Our board of recommendation advises us on strategic issues which are in the interest of the sector, the general public and Amsterdam Drone Week. This week we spoke to Massimo Garbini, CEO of IDS Ingegneria Dei Sistemi S.p.A., about his vision on the drone industry and the upcoming developments within IDS.
Amsterdam Drone Week: Can you shortly introduce yourself and the company you run?
Massimo Garbini: Since January this year I assumed the role of Chief Executive Officer of IDS Ingegneria Dei Sistemi S.p.A. I previously served as the sole Director of ENAV from 2011 to 2014, having originally joined the Italian air navigation service provider as an air traffic controller in 1991. I was also the Chairman of CANSO Europe as well as a member of the CANSO Executive Committee and was also President and CEO of Techno Sky, an ENAV S.p.A. company.
From October 2014 until the end of 2017, I operated as the Managing Director of SESAR Deployment Manager, the body charged by the European Commission to coordinate and synchronize the SESAR Deployment Programme, which aims to develop SESAR technology and the implementation of the Single European Sky. IDS Ingegneria Dei Sistemi S.p.A. (www.idscorporation.com) is an independent engineering and systems technologies company, providing research, innovation and products in the unmanned, electromagnetic, defense and homeland security, railways safety and air navigation fields, for both civilian and defense applications. Since 1980 IDS has specialized in providing consulting services for high-tech engineering projects and in developing integrated software solutions and measurement systems. IDS is an international company with over 600 professional employees. Its headquarters are in Pisa, Italy, with subsidiary companies in Australia, the United Kingdom, Canada, Brazil and South Korea. The company has six business: the Air Navigation Division, the Electromagnetic Engineering Division, the Aeronautical and Unmanned Systems Division, the Security & Defense Division, the Railways & Safety Division and SATCOM Division. Proprietary software tools are developed, documented and maintained according to ISO 9001:2015, and in the case of the Aeronautical and Unmanned Systems Division AS/EN 9100:2016, ESA and Defense Administration quality and security standards.
Amsterdam Drone Week: What is your vision when it comes to the use of UAV’s in both the civil and defense sector, between now and the UPCOMING 5 years (opportunities versus challenges)?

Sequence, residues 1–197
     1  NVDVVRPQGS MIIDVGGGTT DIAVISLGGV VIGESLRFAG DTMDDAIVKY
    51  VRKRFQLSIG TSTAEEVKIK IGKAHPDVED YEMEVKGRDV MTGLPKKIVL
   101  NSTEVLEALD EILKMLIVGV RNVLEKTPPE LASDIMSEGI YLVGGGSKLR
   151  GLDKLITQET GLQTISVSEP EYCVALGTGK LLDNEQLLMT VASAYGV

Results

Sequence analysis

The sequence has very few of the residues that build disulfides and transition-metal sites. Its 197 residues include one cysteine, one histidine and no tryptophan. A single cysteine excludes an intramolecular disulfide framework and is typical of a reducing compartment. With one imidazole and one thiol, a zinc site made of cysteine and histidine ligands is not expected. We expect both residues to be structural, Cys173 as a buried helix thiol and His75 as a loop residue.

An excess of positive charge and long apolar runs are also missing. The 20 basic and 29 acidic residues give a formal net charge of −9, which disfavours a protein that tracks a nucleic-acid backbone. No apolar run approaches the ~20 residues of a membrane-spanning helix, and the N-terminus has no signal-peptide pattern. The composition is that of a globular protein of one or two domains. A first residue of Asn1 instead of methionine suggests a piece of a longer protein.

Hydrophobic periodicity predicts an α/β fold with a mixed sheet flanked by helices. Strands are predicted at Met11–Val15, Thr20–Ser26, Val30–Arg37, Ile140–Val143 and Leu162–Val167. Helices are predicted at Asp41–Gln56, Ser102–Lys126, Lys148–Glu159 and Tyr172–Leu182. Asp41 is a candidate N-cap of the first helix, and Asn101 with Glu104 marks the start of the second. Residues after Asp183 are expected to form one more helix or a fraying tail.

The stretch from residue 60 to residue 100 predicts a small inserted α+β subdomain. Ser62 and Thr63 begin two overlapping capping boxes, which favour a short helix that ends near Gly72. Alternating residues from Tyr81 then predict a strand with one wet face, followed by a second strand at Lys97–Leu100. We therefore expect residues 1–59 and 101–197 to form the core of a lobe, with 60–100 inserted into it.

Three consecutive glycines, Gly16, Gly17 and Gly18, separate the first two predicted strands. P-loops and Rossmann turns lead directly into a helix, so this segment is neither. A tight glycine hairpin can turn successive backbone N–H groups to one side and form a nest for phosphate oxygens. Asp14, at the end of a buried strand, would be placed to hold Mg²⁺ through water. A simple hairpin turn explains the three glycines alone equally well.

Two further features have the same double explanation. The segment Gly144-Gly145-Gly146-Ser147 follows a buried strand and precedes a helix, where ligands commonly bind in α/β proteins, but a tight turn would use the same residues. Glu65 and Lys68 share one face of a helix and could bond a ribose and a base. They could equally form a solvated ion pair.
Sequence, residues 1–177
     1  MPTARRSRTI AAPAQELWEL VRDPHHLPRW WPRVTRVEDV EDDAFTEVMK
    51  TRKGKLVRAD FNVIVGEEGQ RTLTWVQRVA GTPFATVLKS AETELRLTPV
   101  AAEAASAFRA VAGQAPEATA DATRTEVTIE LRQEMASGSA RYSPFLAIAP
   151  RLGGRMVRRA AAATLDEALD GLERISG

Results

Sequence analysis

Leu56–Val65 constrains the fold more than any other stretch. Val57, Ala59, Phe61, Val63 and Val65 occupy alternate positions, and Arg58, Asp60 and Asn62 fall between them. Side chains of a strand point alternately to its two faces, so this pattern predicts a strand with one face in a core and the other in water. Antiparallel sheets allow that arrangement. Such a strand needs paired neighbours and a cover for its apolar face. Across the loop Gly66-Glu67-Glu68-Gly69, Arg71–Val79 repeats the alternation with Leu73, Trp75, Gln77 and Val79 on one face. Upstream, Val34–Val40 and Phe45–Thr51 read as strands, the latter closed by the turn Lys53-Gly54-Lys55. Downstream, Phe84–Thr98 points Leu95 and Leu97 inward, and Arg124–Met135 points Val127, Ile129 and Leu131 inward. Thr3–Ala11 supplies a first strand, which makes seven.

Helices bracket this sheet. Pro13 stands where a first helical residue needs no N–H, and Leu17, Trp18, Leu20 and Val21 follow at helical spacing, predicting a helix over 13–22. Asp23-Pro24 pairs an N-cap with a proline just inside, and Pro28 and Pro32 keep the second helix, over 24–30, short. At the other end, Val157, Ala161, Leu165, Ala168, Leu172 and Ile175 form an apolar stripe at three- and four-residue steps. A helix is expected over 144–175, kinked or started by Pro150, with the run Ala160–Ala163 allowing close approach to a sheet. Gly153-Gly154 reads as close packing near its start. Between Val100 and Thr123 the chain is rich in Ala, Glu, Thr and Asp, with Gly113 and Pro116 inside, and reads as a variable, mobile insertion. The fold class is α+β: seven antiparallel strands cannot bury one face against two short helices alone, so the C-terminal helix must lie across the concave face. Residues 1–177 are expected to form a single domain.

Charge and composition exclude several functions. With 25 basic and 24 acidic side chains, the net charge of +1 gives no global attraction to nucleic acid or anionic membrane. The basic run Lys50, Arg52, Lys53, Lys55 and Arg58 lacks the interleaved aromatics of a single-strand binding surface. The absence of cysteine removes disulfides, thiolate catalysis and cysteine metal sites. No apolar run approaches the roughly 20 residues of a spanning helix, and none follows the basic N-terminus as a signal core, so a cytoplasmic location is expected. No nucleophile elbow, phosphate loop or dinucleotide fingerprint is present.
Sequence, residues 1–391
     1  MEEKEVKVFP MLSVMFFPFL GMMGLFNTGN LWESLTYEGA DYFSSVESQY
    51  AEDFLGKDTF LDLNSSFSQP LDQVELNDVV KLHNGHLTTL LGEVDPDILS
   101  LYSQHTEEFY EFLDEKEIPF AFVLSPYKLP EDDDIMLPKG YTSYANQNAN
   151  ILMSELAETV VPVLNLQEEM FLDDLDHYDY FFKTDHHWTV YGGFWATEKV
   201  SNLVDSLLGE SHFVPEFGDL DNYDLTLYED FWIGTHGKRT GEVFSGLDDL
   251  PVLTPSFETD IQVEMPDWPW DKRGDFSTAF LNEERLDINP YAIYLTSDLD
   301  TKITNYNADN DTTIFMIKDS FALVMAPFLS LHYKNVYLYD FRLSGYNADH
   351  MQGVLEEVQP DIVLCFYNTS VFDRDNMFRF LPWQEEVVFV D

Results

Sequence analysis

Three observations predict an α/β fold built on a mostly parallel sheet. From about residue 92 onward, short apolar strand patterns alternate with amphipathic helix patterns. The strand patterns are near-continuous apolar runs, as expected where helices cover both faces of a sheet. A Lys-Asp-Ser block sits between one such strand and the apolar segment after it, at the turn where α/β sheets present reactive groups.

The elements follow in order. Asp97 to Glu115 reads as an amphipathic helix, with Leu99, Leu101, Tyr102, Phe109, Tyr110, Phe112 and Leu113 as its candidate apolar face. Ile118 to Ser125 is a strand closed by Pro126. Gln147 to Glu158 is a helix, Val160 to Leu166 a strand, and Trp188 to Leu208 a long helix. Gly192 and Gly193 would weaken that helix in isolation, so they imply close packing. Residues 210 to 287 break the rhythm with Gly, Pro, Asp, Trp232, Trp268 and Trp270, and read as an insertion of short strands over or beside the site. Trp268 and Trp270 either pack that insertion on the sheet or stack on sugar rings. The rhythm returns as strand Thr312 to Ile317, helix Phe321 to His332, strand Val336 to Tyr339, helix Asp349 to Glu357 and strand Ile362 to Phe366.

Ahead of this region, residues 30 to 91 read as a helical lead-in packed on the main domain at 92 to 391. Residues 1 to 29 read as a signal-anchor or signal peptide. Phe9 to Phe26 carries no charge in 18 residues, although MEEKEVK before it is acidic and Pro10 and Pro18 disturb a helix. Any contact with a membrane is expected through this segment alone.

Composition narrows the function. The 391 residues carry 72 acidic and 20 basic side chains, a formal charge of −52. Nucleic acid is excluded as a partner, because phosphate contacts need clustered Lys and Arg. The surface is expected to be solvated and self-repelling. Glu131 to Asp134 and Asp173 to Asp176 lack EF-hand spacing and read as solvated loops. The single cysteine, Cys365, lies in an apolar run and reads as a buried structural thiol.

Massimo Garbini: Drones are part of our present and they also will be part of our future. Rapid changes in drone technology requires a step-change in the way airspace is managed.
Thus, there will be a move from several thousand conventional aircrafts in the sky every day to potentially hundreds of thousands of highly connected and automated aerial vehicles, offering advanced data-driven services and operating everywhere, including in cities.
Transforming infrastructure to support such operations will be critical to harnessing the potential of the sector, unlocking market growth, jobs and services to worldwide citizens.
Amsterdam Drone Week: What are your short and long-term goals in terms of working with UAVs?
Massimo Garbini: IDS, is investing in the Remotely Piloted Aerial Systems - RPAS, Unmanned Traffic Management - UTM technology and radar solutions, with the aim to exploit new applications and increase aviation safety.
IDS offers a carefully integrated 360 degree approach through its certified solutions that guarantee both cost and time optimization.
In relation to this, IDS’s main focus on the unmanned market, defense market, civil protection, homeland security and transportation is synonymous with certification, liability and safety.
Regarding the number of drones, a 2016 report by Gartner estimates that by 2020, there will be ten times as many commercial drones than manned aircraft. This would mean about 230,480 commercially operated drones around the globe in 2020.
Unmanned aviation technological developments are currently moving at a faster pace than the manned aviation and this rapid growth has increased the demand for drone technology safety. The objective of IDS is to become a worldwide leader in designing and developing high technology solutions for defense and civil markets in the fields of unmanned and surveillance systems.
The highly skilled work force is fully motivated to meeting customer needs and to guaranteeing stakeholders that IDS Ingegneria Dei Sistemi will grow from strength to strength, increasing the company’s market position.
Amsterdam Drone Week: In what way do you think drone technology & innovations change the world?
Massimo Garbini: The recent and rapid growth of unmanned system is an early identifier of the impending industrial revolution.
This extension of the digital revolution involves the fusion of technologies and it is generating the technological capabilities to conceptualise and manufacture radically different airborne vehicles, to tailor them to very specific missions, take advantage of the economies of scale from standardised building blocks and integrate drones within existing air transport systems. As a result, use cases that were either impossible or economically unsustainable for human-piloted aircraft are becoming now technically possible and economically feasible.
The revolution is characterised by a fusion of technologies and accelerates the speed, scope and system level impact.
This is particularly obvious with the accelerated development of drones and the associated rate of development of related operating systems.
In the recently published report “(Un)certain Skies? Drones in the World of Tomorrow”, you'll find more information about the role of drones as part of the future of transport. The report specifically addresses the issues policy makers face in engaging with the rapidly emerging private drone sector.